General Electric Valuation Suggests A Reality Check With A Warning

| About: General Electric (GE)
This article is now exclusive for PRO subscribers.

General Electric (NYSE:GE) is one of the Dow Jones 30 companies that do not valuate well. It certainly is not the company it used to be and has little chance of a future recovery.

GE is currently selling for about $18.60 and has a recent high of $20.40. It is sporting a very high dividend yield of 3.6%. Investors are not likely to be rewarded with share price appreciation in the coming weeks or perhaps months. The price advance from October's low of $13.8 to now is impressive but not convincing.

I wrote an opinion of General Electric in February 2011.

History of Price: Measuring from late 2007 the company was selling for $36, and then fell to $5, in early 2009. That is an 86% drop in price. With the powerful bull market that ensued, GE has only been able to grow to a recent $21. It is my opinion that this price growth is unacceptable for a world-class company. The below, 20-year chart tells a story that you may want to ponder. This chart compares GE with the Standard & Poor's 500 ETF (NYSEARCA:SPY). I use this ETF Index to get important perspectives about a company that I am valuating. The first is, how GE tracks the Index in bullish and bearish market time frames. The second is a statistical measure of percentage gain and loss during bullish and bearish market time frames. Trends are a very helpful tool when investing wisely.

My reading of this chart offers a couple of important details that I believe are often overlooked. Technically, the repeating declining tops of GE beginning in 2000 followed by 2007 to date is very negative. It has under performed all Indices for too many years. Its declines in price during bear markets, percentages wise, are also much too severe.

Fundamental - Valuation:

Current Valuation of General Electric Company

Current Price:


Target Price:

plus 6% / minus 20+% from the high.

Trailing P/E

15.8 - about average for all stocks in my universe.

Forward P/E (fye 12/31/13)


PEG Ratio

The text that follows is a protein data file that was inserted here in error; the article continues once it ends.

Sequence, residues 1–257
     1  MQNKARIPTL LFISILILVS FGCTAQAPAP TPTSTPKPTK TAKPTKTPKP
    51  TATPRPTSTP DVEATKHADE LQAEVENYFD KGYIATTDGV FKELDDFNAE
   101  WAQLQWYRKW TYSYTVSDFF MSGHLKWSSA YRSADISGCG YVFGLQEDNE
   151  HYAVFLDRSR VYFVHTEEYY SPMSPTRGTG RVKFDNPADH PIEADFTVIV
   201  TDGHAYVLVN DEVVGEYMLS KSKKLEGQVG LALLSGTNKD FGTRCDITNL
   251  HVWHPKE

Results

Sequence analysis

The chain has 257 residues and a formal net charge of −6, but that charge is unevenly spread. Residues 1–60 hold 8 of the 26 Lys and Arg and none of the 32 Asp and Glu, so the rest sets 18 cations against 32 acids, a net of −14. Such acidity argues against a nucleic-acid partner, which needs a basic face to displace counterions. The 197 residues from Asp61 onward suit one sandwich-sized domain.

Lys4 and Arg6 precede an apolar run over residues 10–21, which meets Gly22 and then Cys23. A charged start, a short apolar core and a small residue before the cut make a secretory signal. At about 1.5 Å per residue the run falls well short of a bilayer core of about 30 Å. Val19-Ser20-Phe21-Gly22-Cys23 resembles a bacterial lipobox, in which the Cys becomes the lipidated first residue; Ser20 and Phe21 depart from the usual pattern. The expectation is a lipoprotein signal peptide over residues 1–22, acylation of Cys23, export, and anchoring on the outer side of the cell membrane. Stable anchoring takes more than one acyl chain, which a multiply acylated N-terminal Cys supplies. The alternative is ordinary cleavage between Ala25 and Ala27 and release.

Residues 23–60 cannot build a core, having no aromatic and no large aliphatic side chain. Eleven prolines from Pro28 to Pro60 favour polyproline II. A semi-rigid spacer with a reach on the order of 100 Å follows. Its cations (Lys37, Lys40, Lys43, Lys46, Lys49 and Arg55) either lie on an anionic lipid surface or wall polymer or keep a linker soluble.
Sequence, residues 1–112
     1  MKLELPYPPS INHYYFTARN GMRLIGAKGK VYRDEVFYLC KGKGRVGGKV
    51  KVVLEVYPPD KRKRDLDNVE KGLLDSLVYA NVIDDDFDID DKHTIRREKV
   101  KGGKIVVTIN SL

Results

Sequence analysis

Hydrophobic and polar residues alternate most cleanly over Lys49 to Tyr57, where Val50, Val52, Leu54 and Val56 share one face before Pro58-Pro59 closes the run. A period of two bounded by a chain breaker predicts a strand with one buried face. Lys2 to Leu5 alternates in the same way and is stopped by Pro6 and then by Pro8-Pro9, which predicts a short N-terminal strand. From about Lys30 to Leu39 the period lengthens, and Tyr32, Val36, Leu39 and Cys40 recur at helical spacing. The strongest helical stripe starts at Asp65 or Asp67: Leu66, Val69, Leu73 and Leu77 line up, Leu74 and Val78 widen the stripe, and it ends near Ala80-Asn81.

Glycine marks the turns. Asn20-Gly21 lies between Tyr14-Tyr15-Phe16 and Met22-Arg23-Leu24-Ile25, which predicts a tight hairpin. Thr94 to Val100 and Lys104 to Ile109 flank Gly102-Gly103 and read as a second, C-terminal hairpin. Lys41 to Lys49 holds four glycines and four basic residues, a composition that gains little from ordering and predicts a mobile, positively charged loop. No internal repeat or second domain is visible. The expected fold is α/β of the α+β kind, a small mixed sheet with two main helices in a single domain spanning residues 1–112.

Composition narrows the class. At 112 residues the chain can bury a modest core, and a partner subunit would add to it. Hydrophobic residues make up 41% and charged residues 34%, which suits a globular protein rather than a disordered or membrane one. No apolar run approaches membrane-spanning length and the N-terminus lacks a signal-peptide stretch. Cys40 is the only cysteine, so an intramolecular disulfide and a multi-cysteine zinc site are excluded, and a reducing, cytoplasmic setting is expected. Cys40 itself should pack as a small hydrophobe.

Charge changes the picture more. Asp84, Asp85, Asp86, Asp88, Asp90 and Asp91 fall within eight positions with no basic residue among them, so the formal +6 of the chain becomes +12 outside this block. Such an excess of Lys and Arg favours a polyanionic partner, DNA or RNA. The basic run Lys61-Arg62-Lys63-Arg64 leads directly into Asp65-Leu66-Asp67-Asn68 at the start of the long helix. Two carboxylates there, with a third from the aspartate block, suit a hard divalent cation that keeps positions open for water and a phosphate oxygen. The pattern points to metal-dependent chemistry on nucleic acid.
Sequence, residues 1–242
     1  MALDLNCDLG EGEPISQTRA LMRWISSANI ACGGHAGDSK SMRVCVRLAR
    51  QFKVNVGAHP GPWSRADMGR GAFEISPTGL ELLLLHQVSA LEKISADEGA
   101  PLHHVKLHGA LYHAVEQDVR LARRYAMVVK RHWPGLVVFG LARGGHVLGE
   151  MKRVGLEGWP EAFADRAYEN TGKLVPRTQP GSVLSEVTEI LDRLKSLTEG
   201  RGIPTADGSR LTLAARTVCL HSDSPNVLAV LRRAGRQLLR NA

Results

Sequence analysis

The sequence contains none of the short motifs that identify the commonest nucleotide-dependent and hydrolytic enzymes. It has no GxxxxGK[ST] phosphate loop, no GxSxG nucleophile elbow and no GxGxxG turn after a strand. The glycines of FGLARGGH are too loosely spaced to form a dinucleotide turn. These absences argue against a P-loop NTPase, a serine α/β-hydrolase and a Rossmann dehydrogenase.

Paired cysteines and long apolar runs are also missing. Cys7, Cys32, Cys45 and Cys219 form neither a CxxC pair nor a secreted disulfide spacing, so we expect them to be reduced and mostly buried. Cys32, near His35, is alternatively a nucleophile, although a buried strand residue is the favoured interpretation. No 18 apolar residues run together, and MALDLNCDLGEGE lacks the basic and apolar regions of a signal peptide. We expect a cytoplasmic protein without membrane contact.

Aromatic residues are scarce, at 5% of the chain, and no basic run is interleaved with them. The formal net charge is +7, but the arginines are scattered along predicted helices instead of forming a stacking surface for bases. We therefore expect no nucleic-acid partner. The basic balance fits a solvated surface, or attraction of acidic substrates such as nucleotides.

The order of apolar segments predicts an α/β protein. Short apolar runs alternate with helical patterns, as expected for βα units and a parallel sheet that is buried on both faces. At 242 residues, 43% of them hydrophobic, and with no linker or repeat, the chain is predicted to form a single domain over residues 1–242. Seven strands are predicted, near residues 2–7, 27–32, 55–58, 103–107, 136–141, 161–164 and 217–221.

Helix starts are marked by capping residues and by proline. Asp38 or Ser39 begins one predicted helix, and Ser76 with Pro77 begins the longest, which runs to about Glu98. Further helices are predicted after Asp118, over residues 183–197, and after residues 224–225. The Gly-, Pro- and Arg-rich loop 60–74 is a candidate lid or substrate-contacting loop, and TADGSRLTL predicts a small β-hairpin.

0.98 - low

Price to Sales:

1.44 - ok

Price to Book:

1.69 - low

Valuation Divergence:

(minus) - 27%

Comments: These are not strong Valuations and Target Price Projections. When I do further fundamental studies, the valuation simply does not improve. Projected earnings growth for GE will decline from current levels by about 33% in 2013 and almost 50% in 2014. Very average technical and consensus opinion analysis suggests that GE will continue to be a poor performer. Investing in GE at this time, or even holding, definitely is not wise.

Source of raw data: Yahoo Finance.

Notes for the above table: Target price is calculated and produces a probable range of the current price over the coming one to three months. Valuation divergence is calculated and produces a plus or minus percent of price over the following one to three months after a given bullish or bearish inflection point.

Earnings Chart

Regarding the above chart, please note the following: The earnings/share remains well below the 2007 level. The p/e ratio is flat, and the volume is diminishing. These are not supportive facts to foster holding GE in your portfolio.

Financial Statements

The income statement (Source: MorningStar), click here. I have reviewed this income statement and do not find anything to take issue with.

The balance sheet (Source: MorningStar), click here. I have reviewed this balance sheet and do not find anything to take issue with.

Technical Opinion

It is clear from the above price charts that there is a lingering and severe problem with General Electric and very likely its management. Technical indicators are in the midst of breaking down. This is my initial warning that prices will be falling in the coming weeks and perhaps beyond.


General Electric is a company that is trading in sync with its fundamentals and technical chart. That normally means it is in favor with my analytics. However, the prospect of future price appreciation is questionable. I suggest that holding cash is a prudent alternative.

I recommend your taking a few minutes to study my 20-year chart. When buying or selling, taking a longer-term view of a security's price history is very important.

GE, like so many other large-cap companies, is no longer the company it used to be. This is a warning about buying or holding General Electric Company.


I am bearish on both the economy and the general market. My recent Instablog postings are focused on securities that should not be held in your portfolio. It is important for you to understand that holding cash during questionable time frames is a wise choice. (This is definitely a 'questionable' time frame). This coming Saturday, GE will be included in my weekly Instablog posting.

Disclosure: I have no positions in any stocks mentioned, and no plans to initiate any positions within the next 72 hours.